The Matrix is No Longer Science Fiction

The Matrix is No Longer Science Fiction

It’s extraordinary to think classic movies like Avatar and The Matrix won’t be in the science fiction genre much longer. What were once thought to be futuristic movies are closer than ever to becoming “realistic” thanks to the next wave of game-changing technologies like virtual reality (VR) on its way right now. VR is on the cusp of revolutionizing the entertainment, education, medical, retail, and transportation industries in ways that will affect each and every one of our lives sooner than one might think.  The past 12 months have seen unprecedented growth in the adoption of VR head-mounted displays (HMDs) and the creation of new VR content. It all began with the launch of the sub $100 Samsung VR Gear. Then came the more powerful Oculus Rift and HTC Vive which have both created a much richer VR experience despite still being tethered. These new and improved devices paired with great entertainment and educational content have been the catalyst for the adoption of VR from almost zero to one million monthly active users in such a relatively short amount of time.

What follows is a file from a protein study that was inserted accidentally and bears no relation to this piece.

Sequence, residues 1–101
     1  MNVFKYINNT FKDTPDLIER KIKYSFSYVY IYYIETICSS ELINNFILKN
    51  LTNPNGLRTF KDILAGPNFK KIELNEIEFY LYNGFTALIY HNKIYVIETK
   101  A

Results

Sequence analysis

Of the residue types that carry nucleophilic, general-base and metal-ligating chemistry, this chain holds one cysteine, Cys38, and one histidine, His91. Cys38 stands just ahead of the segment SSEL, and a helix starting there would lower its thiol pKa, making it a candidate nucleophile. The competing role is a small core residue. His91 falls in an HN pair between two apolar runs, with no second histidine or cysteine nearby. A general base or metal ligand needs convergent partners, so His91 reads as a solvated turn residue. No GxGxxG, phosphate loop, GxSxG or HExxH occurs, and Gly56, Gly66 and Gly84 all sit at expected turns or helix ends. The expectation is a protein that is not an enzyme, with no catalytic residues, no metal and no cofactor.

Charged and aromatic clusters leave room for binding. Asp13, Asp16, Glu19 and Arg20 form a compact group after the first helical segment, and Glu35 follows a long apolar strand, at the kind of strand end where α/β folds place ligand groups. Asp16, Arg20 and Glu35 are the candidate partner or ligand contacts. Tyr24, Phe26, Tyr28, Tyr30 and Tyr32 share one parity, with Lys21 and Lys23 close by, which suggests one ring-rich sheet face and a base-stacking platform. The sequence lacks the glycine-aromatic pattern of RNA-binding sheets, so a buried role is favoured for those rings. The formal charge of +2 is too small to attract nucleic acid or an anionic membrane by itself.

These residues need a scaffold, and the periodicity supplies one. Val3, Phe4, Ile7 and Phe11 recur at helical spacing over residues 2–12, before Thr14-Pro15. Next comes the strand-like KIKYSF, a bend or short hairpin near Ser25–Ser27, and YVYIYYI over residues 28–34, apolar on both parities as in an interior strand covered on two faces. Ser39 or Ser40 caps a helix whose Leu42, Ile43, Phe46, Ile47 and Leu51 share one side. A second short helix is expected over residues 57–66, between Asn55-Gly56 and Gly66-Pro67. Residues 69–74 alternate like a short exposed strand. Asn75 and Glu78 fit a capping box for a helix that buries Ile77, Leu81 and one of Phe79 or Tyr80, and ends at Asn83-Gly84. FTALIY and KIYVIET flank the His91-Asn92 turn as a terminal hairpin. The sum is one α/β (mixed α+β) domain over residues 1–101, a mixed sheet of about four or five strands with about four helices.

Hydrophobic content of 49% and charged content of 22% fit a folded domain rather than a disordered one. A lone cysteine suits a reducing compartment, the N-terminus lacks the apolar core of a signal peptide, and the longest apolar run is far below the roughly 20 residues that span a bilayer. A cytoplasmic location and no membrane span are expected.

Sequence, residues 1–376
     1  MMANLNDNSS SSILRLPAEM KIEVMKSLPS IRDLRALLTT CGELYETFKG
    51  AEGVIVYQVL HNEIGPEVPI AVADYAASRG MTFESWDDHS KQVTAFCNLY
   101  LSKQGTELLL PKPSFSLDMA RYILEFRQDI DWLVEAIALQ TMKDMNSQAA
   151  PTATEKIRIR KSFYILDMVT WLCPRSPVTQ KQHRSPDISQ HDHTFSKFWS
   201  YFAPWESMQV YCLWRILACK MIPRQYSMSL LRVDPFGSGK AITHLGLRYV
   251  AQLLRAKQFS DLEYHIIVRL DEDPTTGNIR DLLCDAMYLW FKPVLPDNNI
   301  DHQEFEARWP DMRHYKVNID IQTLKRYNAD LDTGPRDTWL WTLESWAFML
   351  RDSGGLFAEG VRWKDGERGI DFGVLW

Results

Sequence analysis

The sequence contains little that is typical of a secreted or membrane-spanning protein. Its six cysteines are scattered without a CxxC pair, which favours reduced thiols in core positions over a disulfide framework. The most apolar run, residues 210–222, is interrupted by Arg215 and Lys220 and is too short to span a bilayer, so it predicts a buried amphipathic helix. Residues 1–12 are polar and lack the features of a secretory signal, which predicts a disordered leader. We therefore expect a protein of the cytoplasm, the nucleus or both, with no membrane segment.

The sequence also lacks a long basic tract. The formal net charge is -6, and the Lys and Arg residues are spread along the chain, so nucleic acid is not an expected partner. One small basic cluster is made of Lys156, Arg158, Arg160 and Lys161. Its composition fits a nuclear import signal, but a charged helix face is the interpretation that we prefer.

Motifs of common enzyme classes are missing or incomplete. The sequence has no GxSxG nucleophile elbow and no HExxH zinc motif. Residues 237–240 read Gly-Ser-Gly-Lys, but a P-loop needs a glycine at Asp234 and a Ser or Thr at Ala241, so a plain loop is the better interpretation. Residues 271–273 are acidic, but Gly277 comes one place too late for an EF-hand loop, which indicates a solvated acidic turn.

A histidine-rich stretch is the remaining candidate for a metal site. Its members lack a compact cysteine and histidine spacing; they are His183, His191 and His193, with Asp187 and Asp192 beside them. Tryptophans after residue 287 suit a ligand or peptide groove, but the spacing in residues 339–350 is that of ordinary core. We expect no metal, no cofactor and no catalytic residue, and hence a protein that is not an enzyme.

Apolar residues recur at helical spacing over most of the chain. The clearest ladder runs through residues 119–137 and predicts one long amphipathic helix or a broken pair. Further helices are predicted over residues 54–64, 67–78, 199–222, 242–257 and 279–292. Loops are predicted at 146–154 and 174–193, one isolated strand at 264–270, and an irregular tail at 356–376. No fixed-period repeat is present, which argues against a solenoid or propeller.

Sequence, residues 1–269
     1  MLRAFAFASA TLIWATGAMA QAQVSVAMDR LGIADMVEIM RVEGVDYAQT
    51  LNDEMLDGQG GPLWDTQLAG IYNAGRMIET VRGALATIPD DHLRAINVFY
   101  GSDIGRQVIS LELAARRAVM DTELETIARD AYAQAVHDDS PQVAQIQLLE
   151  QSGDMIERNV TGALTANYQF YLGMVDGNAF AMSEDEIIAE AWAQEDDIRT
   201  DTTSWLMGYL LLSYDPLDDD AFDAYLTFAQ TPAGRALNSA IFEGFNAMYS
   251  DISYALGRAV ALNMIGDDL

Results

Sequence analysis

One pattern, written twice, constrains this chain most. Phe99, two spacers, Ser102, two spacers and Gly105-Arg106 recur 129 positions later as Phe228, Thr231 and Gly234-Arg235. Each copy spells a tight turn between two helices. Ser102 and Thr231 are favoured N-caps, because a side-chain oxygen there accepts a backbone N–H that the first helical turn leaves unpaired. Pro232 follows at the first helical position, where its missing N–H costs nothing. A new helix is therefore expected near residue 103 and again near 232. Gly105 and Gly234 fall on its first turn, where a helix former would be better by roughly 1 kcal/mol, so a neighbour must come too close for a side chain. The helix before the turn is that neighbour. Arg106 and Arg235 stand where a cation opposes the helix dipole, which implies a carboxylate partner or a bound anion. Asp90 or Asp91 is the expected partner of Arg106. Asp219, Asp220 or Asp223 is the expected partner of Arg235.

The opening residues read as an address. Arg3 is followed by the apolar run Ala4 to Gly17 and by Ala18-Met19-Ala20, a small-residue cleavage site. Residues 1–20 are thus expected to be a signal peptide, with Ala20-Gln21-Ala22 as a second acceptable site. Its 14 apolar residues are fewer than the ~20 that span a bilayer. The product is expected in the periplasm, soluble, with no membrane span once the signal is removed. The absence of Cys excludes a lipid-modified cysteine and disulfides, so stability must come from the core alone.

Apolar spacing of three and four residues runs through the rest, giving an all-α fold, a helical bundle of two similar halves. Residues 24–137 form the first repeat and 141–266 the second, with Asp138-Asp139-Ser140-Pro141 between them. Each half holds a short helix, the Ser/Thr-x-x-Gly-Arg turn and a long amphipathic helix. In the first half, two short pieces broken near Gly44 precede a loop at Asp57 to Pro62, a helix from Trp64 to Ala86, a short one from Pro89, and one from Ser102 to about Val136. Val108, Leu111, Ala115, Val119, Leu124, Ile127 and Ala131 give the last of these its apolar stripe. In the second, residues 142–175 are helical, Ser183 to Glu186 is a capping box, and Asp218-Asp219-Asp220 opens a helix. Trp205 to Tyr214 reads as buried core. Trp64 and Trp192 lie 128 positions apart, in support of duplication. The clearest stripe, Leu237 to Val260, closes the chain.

Despite technological and commercial challenges, VR popularity is growing at a very healthy rate. Now with Google, Facebook, HTC, Microsoft, Sony and potentially Apple putting their tremendous resources behind VR, the toughest technological and commercial challenges are being rapidly addressed. So much so, in just one week not too long ago (the first week in October 2016 to be exact), Google, Oculus, and Sony all showcased some great progress under these four main points:

1.  More immersive experience: VR is all about an experience, and to truly immerse a user in such an experience, visual stimulation is not enough. We need to address more senses of the body like touch and sound. In doing so, the body will better “feel” the experience instead of just observing. Oculus has addressed this problem with unique headsets designed to provide spatial sound effects with the capability of modulating sounds with different distances and angles. Also, the Oculus Rift now comes with a room-sized tracking feature, so users can move throughout and interact with the virtual world they’re living in. Take a step forward in your living room and you’ll now do the same thing in the streets of Paris or wherever users decide to visit that day.